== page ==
A query form means the interface of a search engine. In the form, you place the search terms and choose the operators in order to formulate the query.
Basic search –type form contains one box where you type the whole query.
Operators and parentheses, if needed, must be typed by yourself.
Usually, if you don’t type anything between search terms, there will be the AND-operator by default.
Examples of Basic search:
Advanced search –type form allows you to make more sophisticated queries. It also helps to build a structured search where the operator logic is correct.
When a query contains both AND- and OR-operations, it is important, that the OR-operations are executed first. The easiest way to make a logic query is to think that one line in query form is equivalent to one search concept.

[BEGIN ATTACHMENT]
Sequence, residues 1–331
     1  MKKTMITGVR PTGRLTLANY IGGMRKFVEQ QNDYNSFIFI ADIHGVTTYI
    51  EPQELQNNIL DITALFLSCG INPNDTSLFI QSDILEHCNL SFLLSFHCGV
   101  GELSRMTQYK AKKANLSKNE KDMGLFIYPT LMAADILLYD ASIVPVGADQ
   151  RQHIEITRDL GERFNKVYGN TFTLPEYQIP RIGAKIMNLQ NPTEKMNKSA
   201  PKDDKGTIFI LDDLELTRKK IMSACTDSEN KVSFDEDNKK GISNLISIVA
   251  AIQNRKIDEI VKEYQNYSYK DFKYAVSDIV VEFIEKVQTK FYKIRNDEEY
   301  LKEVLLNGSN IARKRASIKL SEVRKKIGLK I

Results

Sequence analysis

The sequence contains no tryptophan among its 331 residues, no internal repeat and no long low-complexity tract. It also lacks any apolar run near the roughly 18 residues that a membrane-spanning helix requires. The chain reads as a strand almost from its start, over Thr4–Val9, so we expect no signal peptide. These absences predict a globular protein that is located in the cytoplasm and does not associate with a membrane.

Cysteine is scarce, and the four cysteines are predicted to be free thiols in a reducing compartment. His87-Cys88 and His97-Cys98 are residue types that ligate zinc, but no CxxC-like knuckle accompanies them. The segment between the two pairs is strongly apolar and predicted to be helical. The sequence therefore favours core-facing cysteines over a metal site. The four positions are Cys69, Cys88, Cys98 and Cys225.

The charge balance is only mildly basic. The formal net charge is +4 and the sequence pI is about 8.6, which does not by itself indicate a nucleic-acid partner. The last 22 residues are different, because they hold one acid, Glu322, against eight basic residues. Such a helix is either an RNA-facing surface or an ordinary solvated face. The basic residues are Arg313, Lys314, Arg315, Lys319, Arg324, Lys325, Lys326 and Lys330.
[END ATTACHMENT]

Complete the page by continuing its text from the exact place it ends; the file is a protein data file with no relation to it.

All the alternative terms referring to the same concept are written to the same line. Between the alternative terms, you must type the OR-operator by yourself.
The next concept is written to the next line. Lines (concepts) are connected with AND-operator.
Notice: Names of the search types might vary from database to database. You can search in a quick and rough way – this is what we call Basic search here. Or you can search with more detailed and tailored way: this is called Advanced search in this connection.
Watch Scopus-database tutorial for ‘Document Searching‘ (~ Advanced search -type) (opens in new window).